, , , Role of fructose in Diabetes | HOMEOTODAY

Dietary fructose is present primarily in added dietary sugars, honey, and fruit. Excess fructose consumption has been hypothesized to be a cause of insulin resistance, obesity, elevated LDL cholesterol and triglycerides, leading to metabolic syndrome. Fructose consumption has been shown to be correlated with obesity, especially central obesity, which is thought to be the most dangerous kind of obesity. A study in mice showed that a high fructose intake increases adiposity.

One study concluded that fructose "produced significantly higher fasting plasma triacylglycerol values than did the glucose diet in men" and "...if plasma triacylglycerols are a risk factor for cardiovascular disease, then diets high in fructose may be undesirable". Bantle et al. "noted the same effects in a study of 14 healthy volunteers who sequentially ate a high-fructose diet and one almost devoid of the sugar."
Fructose is a reducing sugar, as are all monosaccharides. The spontaneous chemical reaction of simple sugar molecules binding to proteins, known as glycation, is thought to be a significant cause of damage in diabetics. Fructose appears to be equivalent to glucose in this regard and so does not seem to be a better answer for diabetes for this reason alone, save for the smaller quantities required to achieve equivalent sweetness in some foods. This may be an important contribution to senescence and many age-related chronic diseases.


The link between excessive intake of fructose and metabolic syndrome is becoming increasingly established. However, in this review of the literature, the authors conclude that there is also increasing evidence that fructose may play a role in hypertension and renal disease. "Science shows us there is a potentially negative impact of excessive amounts of sugar and high fructose corn syrup on cardiovascular and kidney health," explains Dr. Johnson. He continues that "excessive fructose intake could be viewed as an increasingly risky food and beverage additive."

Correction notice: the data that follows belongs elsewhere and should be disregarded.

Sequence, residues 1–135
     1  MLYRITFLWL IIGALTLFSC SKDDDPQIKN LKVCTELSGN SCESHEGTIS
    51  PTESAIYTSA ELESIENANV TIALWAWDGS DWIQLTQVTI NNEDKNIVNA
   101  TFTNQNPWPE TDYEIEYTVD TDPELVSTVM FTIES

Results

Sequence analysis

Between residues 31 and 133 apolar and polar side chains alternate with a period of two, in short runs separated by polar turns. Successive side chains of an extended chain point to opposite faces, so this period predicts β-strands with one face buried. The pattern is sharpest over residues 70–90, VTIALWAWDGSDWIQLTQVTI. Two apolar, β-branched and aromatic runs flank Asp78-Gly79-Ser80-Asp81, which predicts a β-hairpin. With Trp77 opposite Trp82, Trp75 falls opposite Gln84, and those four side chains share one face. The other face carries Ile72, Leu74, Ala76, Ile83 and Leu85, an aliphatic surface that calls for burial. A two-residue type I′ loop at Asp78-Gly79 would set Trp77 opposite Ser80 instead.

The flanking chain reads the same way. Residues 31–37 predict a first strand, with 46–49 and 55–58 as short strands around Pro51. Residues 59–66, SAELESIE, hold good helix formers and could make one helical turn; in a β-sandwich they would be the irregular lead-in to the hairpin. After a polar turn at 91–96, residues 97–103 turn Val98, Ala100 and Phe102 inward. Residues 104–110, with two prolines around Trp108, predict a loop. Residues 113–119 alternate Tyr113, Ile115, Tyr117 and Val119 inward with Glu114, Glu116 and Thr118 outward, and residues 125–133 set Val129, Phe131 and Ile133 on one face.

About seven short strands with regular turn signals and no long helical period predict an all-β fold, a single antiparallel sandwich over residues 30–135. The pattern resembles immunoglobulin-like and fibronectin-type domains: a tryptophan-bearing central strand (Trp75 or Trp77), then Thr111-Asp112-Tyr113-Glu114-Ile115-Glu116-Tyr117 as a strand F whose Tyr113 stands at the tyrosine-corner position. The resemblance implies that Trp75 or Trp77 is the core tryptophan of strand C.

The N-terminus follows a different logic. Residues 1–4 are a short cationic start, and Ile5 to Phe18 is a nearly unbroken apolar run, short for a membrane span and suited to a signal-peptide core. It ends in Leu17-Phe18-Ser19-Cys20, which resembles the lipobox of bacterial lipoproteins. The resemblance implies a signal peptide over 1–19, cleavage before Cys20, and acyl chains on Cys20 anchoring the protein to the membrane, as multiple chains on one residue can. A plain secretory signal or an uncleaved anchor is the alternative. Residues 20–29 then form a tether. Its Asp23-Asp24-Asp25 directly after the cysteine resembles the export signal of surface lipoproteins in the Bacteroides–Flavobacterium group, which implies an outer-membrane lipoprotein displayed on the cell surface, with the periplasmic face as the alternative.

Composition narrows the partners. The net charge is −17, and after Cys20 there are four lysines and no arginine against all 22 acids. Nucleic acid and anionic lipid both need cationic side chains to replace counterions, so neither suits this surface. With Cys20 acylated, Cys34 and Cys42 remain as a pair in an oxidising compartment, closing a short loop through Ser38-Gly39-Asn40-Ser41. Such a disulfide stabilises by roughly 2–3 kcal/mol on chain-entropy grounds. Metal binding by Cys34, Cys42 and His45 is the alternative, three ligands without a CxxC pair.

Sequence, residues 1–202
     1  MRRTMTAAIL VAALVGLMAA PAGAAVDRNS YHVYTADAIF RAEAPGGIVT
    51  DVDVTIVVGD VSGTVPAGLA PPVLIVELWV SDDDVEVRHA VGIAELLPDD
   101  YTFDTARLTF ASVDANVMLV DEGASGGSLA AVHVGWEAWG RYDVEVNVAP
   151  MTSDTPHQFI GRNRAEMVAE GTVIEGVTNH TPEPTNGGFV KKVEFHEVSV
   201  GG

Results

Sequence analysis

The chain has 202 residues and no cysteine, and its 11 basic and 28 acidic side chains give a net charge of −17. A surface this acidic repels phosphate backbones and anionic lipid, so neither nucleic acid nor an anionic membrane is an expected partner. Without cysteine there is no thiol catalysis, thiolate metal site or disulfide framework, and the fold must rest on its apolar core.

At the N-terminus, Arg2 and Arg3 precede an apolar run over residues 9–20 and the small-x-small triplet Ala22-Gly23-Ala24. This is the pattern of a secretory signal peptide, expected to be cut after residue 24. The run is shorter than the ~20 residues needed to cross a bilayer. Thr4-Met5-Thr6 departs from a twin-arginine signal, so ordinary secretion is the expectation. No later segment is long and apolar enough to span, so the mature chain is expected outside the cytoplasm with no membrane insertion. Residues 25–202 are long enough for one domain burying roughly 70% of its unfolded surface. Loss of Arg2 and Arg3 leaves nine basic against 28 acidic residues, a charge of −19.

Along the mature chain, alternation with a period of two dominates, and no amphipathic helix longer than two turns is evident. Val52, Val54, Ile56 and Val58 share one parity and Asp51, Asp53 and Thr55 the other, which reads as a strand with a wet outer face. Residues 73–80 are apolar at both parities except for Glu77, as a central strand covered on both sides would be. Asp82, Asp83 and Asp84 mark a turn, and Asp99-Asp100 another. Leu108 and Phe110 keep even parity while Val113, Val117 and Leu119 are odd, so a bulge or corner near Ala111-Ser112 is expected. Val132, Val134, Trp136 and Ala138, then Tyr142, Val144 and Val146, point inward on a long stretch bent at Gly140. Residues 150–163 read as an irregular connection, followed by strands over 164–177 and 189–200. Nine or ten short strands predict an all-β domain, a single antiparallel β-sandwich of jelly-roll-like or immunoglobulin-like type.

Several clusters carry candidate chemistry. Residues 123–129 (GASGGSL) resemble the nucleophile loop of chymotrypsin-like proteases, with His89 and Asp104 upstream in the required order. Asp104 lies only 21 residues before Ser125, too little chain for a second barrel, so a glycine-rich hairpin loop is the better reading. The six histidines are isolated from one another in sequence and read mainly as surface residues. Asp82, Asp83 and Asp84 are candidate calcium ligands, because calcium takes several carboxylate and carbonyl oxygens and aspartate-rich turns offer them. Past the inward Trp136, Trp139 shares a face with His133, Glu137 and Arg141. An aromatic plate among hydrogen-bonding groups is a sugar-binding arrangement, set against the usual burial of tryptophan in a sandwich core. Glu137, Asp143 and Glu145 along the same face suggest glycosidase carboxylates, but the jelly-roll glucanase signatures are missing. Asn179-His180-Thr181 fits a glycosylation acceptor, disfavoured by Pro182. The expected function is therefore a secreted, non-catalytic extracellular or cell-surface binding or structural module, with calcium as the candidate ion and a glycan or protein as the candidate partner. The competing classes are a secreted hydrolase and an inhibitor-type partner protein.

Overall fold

The metabolic effect of an isocaloric replacement of 75 grams of dietary starch by fructose was studied in 10 insulin-dependent diabetic patients. Body weight, urinary excretion of glucose, diurnal variation of blood glucose, plasma free fatty acids (FFA) and plasma immunoreactive growth hormone (IRGH) and fasting levels of plasma cholesterol and triglyceride were determined during three successive dietary periods. During the first and third period starch was the main carbohydrate given while during the second period 75 grams of starch was replaced by fructose. Fructose feeding did not alter diurnal blood glucose or urinary output of glucose but a tendency to an increase of plasma triglyceride and FFA levels was observed during the fructose period. Plasma levels of cholesterol and IRGH were unaffected by fructose.
The results suggest that in controlled insulin-dependent diabetes moderate amounts of fructose can be included in the diet without any adverse effects on the glucose balance. However, it seems likely that triglyceride metabolism of diabetics is influenced by dietary fructose even in moderate doses.
Apple and pear juices are of particular interest to pediatricians because the high concentrations of free fructose in these juices can cause diarrhea in children. The cells (enterocytes) that line children's small intestines have less affinity for fructose absorption than for glucose and sucrose. Unabsorbed fructose creates higher osmolarity in the small intestine, which draws water into the gastrointestinal tract, resulting in osmotic diarrhea.

The Price foundation says fructose does not raise blood sugar levels as quickly as other types of sugar, such as sucrose.

There is always a chance if we go by the studies. Let us hence consider that fructose consumption may not pose a huge risk among diabetes patients, unless thereis an overdose.

Read more: http://www.livestrong.com/article/82417-fructose-diabetes/#ixzz1nTjv76R9

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